The forest isn’t just for forest schools…

The Danish take on preschool education – spending time outside nearly all day every day in the forest and other environments –  has been hands down the best part of our time here in Denmark.  But time in the forest isn’t just for forest schools.  Here in Denmark, they believe pretty strongly that all kids belong outside.  Even in your regular preschools, you’ll see that kids are out and about.

Why time outside, inspired by forest schools in Denmark, can be beneficial to all preschoolers and toddlers  as part of their education.

Just the other day, a friend who has her son in a regular Danish preschool sent around a note about his “troll hiking experience”, where they were taking the preschool classes out for an outdoor adventure every day this week.  After a quick run through google translate, here’s a little synopsis of what they did (and also, how great is that name??):

“10 small happy and expectant troll children went into the woods with backpacks on.

First they had to go to the bus. It was not there … so all looked for the yellow bus. There it comes, said one of the children. YAY! shouted the trolls and went into the yellow bus with the high step.

The bus drove to the train station with the many stairs. Down on the platform, waited troll kids for the forest train. They should not wait long … The train came and they ran out to the forest.

In the forest we got a sip of water and then we go down to the bonfire. We hung orange ropes in the trees as nursery trolls could find us.

There were many lovely puddles at the bonfire so while some studied snails, insects and worms … there were others who took a fresh mud bath.

We were lucky, kindergarten trolls found us and so we ate our food packages and had a good time with our guests.

Tired and a little wet but happy, we came back to the nursery. We are already looking forward to tomorrow.”

And this was all on just one day; there will be four others this week just like it.  I wanted to share this because I realize that what we have in the forest school here is a rare opportunity – I’m aware and I appreciate it tremendously.  I know for most, completely changing over to a school system like this isn’t realistic or available, at least not yet.  But that doesn’t mean that there aren’t lessons from forest schools that could be applied more broadly.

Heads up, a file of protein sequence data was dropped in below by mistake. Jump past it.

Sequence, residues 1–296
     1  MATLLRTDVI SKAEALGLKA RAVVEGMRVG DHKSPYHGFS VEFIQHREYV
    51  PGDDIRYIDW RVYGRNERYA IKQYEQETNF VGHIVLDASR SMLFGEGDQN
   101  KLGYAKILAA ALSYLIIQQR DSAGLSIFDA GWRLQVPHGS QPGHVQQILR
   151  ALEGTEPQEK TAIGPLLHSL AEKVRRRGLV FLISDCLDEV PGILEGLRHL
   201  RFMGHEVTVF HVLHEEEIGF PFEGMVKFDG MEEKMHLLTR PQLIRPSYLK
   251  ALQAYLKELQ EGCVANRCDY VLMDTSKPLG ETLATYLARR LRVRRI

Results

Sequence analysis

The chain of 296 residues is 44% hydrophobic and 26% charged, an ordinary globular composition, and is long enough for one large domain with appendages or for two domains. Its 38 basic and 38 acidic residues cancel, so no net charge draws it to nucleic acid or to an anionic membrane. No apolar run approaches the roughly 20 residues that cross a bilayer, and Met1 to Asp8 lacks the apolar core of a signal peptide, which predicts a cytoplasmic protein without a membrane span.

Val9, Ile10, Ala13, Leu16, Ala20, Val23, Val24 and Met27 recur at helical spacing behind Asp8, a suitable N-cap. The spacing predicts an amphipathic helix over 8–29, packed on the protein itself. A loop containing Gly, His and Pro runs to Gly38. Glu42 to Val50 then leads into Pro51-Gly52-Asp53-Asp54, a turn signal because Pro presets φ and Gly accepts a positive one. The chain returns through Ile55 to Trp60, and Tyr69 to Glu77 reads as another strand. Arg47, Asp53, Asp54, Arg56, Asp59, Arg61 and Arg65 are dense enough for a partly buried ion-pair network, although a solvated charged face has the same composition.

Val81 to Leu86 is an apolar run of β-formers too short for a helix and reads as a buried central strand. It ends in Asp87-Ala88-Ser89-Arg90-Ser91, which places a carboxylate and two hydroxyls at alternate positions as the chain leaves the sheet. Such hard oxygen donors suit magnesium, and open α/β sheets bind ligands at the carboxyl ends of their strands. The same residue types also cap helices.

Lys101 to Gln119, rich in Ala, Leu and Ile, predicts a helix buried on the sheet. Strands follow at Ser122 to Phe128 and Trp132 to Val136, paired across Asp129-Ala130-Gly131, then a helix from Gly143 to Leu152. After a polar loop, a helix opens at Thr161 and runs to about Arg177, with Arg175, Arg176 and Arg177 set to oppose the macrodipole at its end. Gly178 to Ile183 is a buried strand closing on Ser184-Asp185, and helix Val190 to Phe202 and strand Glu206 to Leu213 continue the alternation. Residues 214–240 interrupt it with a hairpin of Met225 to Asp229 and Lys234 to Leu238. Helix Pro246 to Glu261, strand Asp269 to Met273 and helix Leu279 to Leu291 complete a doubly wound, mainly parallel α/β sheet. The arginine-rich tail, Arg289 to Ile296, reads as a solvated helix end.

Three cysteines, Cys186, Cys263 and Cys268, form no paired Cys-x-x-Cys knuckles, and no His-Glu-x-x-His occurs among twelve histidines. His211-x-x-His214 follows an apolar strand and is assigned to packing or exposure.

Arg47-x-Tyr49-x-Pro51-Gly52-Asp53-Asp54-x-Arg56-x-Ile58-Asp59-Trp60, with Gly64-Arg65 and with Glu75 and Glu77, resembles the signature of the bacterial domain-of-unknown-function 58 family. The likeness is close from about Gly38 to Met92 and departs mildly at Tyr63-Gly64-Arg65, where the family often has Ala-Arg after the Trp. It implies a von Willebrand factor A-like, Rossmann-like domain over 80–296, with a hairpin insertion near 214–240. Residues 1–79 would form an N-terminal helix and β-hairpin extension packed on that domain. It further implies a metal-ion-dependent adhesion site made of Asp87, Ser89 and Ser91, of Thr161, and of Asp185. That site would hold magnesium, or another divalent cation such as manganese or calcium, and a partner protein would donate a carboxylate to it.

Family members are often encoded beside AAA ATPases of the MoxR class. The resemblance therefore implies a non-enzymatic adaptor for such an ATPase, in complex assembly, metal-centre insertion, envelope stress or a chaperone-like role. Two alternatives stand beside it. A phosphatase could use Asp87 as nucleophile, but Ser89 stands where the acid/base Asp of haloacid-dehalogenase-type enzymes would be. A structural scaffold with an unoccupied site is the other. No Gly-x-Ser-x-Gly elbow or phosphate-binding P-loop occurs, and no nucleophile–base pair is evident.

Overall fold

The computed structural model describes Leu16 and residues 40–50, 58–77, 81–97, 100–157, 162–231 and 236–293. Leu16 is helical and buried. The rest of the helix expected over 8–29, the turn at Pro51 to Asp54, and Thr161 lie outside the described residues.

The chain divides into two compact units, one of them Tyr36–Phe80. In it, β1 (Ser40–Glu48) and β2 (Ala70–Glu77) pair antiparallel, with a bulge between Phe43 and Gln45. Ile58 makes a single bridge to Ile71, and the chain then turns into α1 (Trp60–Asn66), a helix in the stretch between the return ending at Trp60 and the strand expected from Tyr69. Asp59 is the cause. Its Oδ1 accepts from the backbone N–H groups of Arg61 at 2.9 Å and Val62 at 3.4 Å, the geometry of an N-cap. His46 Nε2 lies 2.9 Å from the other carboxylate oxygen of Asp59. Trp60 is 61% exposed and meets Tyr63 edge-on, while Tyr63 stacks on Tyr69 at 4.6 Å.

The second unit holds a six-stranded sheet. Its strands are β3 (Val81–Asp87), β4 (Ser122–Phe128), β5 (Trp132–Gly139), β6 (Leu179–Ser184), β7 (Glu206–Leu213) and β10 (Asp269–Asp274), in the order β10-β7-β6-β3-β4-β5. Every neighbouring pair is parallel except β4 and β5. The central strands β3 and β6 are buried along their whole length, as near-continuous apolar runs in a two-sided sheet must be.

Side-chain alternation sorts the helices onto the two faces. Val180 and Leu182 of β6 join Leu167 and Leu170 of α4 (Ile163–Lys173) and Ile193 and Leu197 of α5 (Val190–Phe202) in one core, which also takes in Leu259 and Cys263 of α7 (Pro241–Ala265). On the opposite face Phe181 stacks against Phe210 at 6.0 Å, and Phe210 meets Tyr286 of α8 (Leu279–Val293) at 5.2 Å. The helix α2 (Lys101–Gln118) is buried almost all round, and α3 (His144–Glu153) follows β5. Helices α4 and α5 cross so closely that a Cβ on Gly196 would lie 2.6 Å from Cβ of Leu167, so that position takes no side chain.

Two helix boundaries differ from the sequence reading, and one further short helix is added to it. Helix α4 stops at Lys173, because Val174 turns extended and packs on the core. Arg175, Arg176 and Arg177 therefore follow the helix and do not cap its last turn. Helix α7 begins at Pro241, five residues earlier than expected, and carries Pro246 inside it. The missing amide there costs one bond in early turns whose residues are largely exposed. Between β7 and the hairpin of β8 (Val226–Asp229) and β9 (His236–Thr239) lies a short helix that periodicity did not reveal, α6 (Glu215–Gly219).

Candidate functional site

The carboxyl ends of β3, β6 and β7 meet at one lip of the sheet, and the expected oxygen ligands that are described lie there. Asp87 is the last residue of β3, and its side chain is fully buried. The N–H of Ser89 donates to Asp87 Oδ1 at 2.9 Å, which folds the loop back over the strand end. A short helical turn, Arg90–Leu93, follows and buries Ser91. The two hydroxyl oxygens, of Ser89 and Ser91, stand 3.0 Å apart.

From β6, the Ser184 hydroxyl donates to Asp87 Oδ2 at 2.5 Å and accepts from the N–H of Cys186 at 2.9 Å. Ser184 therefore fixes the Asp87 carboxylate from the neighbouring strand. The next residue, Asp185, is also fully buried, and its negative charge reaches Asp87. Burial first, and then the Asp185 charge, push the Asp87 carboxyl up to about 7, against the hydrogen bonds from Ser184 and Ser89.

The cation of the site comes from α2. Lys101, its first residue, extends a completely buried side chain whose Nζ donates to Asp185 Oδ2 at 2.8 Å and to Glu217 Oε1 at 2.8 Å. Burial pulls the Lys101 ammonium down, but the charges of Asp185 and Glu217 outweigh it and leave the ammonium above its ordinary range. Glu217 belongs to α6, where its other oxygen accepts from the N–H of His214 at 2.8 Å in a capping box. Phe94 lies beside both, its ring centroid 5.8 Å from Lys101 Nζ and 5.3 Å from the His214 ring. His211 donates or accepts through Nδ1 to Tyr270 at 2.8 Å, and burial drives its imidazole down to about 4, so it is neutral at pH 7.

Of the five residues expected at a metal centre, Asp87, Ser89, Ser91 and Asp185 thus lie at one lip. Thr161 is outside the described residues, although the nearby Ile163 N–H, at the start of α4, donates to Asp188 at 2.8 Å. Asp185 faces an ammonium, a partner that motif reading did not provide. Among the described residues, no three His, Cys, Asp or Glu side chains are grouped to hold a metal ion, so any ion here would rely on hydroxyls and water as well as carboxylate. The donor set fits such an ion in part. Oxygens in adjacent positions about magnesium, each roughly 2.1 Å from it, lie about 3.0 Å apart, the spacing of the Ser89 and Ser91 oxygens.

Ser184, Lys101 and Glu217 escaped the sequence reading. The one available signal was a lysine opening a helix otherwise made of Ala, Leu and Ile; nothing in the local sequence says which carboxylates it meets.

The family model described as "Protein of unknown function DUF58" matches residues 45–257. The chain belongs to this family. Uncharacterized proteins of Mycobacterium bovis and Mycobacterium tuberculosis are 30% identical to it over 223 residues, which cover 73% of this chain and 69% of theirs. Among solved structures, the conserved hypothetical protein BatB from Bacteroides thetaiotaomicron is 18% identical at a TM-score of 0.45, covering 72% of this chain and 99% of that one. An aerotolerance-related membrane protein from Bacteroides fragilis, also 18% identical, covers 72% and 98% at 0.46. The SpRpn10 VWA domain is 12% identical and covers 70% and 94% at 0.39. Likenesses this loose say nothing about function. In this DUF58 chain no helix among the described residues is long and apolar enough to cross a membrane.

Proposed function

Just the other day I read, via Tiny Trees, that preschool kids in Seattle were only offered the opportunity to move around 48 minutes out of their school day.  48 minutes.  For toddlers!  I mean, those guys are like perpetual motion machines – no wonder they’re bouncing off the walls.  At the same time, I recognize it’s not easy to take a big groups of kids outside.  I sometimes take one toddler and am exhausted for the day, so I can’t imagine what it must be like for the teachers, and the article points out as much.  But you know what’s sadder than the 48 minute statistic? This line:

“…some parents object when kids go outside in bad weather, or when they come home dirty, Puffert added. “Teachers don’t want parents to be upset with them,” she said.”

Being a teacher must be crazy hard – but it must be even crazy harder when you feel like you don’t have the parents support behind you.  Remember the social contract I mentioned that’s a little different here in Denmark? That’s why this stuff works here.  It’s okay for kids to get a little wet.  It’s okay here for kids to get a little uncomfortable.  And it is most certainly is okay here when kids get dirty (“fresh mud bath” anyone?).  All of these things are okay if they’re for the right reasons.  And not only are they okay, but research is showing more and more that all of these things lead to better educational, social and physical benefits further on down the road.

We seem to have lost our way a bit on what’s needed and what’s healthy for small children.  We owe kids a lot more than 48 minutes, and that doesn’t require a full forest school system or anything really all that complicated.    If regular schools can fit this into their schedules here in Denmark, it seems to me that regular schools elsewhere could to, even just a little bit.  As parents, we should ask for it and expect it, but we should also remember to enjoy it and support those that make it possible. Shouldn’t everybody get to be a little troll for at least a little bit?


  1. Christen Kadkhodai May 21, 2015

    I wholeheartedly agree. 48 minutes to be up and about for a toddler?! Torture. As Diplomats, we are mostly living in the capital where there is a dearth of opportunities to get our kids outside and in touch with nature. I’m so pleased that you’re able to get your kids involved in these forest schools and you’re sharing the experience. Fingers crossed more programs like this will pop up in the U.S. and around the world.

  2. It’s really been quite the experience and I’m really hoping we see a little more of it back home in the US – it will be hard to say goodbye to this part!


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